Mojo Williams being interviewed by Dr. Jennifer Kelly & Donna Coombs-Montrose, October 2001
Mojo Williams was born in Calgary in 1946, a third-generation Canadian whose grandparents had fled racist harassment in Oklahoma to farm in Canada. His dad was a railway porter and shoeshiner and his mother worked as a domestic for wealthy whites.
His fighting spirit led him to become the grievance officer for the Alberta Association for the Advancement of Coloured People for many years beginning in the late 1960s. Black people in Calgary asked him to intervene in cases involving discrimination in housing, harassment in workplaces, the barring of Black people as customers in nightclubs, and discrimination faced by Black children in Calgary schools. Williams focused on efforts to persuade those accused of specific instances of racism that they or the institutions that they were part of would suffer reputationally if they did not end their discriminatory practices.
In their efforts to advance social practices in Calgary, the AAACP often cooperated with groups such as the Council of Canadians Jews and Christians.
“Canadian Fellowship Supper –
More than 350 people of every race, color and creed gathered at the House of Israel Thursday night. Left to right are: Ted King, president of Alberta Association for the Advancement of Colored People, Mayor D.H. Mackay, member the Western Board of Directors, Canadian Council of Christians and Jews, Mrs. D.M. Kovitz, president, Calgary section, National Council of Jewish Women of Canada and Sarah, an [Inuit] girl who is taking the food serving course at Tech.”Image provided by Dr. Jennifer Kelly courtesy of Mrs. Della King, circa 1950s.
Concerning employment, AAACP member Dick Bellamy suggests:
“I would like to point out here that about 80 percent of the colored people in Calgary work in the capacity as railroad porters; either for the CPR or the CNR. I started to work for the CPR in 1927-32. Years ago, wages were very low. It was very hard to support a family and $70 per month plus sending your child to school.”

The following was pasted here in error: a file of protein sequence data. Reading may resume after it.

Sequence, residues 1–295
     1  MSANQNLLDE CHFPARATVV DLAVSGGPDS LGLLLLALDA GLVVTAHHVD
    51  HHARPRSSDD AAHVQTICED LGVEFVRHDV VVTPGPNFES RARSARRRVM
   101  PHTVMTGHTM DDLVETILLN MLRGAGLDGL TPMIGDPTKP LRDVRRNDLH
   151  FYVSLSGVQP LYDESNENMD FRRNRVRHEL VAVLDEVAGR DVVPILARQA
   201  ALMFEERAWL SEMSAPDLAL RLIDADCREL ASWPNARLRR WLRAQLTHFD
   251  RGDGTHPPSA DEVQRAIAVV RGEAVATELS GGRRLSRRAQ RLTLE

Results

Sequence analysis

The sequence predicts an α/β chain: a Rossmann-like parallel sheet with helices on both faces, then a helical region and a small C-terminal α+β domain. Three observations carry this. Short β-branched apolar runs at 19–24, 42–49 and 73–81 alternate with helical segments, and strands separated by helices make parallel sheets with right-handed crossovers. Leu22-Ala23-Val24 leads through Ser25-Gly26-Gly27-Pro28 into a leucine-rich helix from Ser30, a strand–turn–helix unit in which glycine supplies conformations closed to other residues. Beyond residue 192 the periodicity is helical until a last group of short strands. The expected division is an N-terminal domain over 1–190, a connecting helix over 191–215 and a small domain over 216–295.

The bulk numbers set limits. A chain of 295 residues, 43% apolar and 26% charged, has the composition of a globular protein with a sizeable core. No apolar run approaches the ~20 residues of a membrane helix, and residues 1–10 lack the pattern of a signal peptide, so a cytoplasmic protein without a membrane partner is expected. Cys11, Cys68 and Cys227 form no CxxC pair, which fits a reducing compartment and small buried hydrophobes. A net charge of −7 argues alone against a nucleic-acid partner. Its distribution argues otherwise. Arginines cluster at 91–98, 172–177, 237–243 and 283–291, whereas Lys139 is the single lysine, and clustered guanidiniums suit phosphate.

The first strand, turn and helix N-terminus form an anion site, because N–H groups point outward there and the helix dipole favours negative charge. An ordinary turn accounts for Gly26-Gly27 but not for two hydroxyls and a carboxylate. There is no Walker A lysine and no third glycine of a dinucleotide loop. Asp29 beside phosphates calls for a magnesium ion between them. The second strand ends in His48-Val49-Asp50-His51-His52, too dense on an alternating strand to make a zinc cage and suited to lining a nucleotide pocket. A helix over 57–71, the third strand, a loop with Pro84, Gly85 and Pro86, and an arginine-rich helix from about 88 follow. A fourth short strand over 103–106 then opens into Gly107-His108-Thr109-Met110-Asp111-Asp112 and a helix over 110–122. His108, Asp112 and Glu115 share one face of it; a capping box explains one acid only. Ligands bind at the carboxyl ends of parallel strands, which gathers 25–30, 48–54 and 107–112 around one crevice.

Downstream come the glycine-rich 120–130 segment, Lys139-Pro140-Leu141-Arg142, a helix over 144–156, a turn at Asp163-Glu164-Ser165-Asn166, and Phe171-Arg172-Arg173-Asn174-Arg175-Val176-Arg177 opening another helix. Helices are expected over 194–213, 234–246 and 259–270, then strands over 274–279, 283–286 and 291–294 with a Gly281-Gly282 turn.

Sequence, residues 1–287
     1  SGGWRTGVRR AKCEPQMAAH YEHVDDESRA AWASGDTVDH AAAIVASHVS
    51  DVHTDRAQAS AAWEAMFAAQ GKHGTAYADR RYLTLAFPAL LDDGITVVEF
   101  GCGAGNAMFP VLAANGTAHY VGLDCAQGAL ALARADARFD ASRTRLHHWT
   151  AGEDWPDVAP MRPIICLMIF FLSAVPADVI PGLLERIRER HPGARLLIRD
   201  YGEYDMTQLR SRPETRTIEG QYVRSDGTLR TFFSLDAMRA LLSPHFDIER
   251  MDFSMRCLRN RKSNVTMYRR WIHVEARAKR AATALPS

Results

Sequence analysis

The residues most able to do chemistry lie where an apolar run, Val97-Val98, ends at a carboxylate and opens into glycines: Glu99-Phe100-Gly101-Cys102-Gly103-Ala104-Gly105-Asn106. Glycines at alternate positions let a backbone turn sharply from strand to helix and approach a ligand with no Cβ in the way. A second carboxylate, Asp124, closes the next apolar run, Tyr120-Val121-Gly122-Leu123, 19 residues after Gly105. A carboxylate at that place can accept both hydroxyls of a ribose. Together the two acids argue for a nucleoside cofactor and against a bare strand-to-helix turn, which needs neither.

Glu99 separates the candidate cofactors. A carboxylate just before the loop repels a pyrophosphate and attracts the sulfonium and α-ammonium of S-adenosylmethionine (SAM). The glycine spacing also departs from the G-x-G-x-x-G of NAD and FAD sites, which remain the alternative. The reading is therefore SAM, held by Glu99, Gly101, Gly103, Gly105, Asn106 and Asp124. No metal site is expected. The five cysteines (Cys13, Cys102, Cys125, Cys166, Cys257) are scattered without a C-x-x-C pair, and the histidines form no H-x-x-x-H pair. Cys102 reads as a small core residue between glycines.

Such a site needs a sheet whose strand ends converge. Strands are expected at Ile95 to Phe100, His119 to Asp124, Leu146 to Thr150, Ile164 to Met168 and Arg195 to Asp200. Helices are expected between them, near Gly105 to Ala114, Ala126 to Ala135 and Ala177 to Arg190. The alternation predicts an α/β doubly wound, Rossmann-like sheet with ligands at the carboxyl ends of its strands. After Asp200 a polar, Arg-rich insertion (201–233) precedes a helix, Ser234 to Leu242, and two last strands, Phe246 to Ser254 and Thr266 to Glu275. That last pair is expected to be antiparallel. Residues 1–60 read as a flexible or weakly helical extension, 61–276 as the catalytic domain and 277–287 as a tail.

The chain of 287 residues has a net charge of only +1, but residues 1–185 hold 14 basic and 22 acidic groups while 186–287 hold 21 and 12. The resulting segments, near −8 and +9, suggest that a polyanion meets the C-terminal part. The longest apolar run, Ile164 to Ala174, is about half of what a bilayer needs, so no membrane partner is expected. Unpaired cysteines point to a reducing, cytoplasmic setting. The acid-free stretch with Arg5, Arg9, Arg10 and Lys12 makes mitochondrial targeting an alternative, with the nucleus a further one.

Bellamy illustrates the types of occupations that young people were encouraged to enter into:
“Since I have been affiliated with the NAACP, we have encouraged our young colored people to take shorthand typing in some of the business colleges and if they were fortunate to finish we could approach some of the business in men of the city in regards to placing members of the race in certain jobs they were qualified to do. At present we have a young lady working at Hudson Bay; a young man works at Eatons’ Post office and others.”
During the Second World War, folks who remained in Alberta found that opportunities began to open up as traditional “first picks” for jobs (able-bodied white men) were not available in sufficient numbers for work.
Dick Bellamy, a porter and member of the AAACP recalls,
“At the outbreak of the war those who were left behind found other jobs in aircraft, factories, chemical plants. Their jobs paid more money than railroading. Consequently quite a few of the men quit the railroad, this in turn helped to raise the standard of living of the colored people. There were families whose children had to quit school in the 7 or 8 Grade because their parents couldn’t afford to keep them in school.”
- What stories about the past should I believe? And on what grounds do I believe them?
- Which stories from the past do we tell? Which stories are excluded? What types of stories should we tell?